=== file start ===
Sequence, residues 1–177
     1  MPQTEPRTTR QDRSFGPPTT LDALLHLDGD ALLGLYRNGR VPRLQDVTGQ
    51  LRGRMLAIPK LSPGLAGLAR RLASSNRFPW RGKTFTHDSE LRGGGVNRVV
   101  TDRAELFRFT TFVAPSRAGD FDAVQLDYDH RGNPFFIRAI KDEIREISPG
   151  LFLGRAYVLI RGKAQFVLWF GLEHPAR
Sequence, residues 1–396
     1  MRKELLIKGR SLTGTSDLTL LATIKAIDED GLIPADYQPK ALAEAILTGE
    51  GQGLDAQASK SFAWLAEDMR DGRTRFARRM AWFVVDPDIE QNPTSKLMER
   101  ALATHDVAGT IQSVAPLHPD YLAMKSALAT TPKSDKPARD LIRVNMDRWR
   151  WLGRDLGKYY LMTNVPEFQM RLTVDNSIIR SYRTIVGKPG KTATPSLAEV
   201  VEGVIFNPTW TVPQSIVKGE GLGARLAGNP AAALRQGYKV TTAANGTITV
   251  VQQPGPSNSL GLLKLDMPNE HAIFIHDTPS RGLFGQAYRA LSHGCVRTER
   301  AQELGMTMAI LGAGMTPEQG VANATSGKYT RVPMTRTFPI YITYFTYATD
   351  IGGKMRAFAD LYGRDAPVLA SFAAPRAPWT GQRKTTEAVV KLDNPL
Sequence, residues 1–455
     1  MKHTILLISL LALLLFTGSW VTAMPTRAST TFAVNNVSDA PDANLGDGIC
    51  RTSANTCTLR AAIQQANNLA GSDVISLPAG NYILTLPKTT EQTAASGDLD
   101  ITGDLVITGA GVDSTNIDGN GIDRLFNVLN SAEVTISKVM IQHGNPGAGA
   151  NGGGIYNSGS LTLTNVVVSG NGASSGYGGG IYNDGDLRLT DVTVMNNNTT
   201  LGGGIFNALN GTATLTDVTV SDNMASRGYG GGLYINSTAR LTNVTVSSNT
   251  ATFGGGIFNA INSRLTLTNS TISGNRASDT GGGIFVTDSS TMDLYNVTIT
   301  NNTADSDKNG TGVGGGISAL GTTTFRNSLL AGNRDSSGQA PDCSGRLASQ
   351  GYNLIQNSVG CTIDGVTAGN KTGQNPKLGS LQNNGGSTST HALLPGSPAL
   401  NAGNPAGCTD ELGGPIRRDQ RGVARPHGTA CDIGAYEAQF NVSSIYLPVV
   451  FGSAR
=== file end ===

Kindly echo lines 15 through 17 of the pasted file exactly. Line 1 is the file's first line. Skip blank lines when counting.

Sequence, residues 1–455
     1  MKHTILLISL LALLLFTGSW VTAMPTRAST TFAVNNVSDA PDANLGDGIC
    51  RTSANTCTLR AAIQQANNLA GSDVISLPAG NYILTLPKTT EQTAASGDLD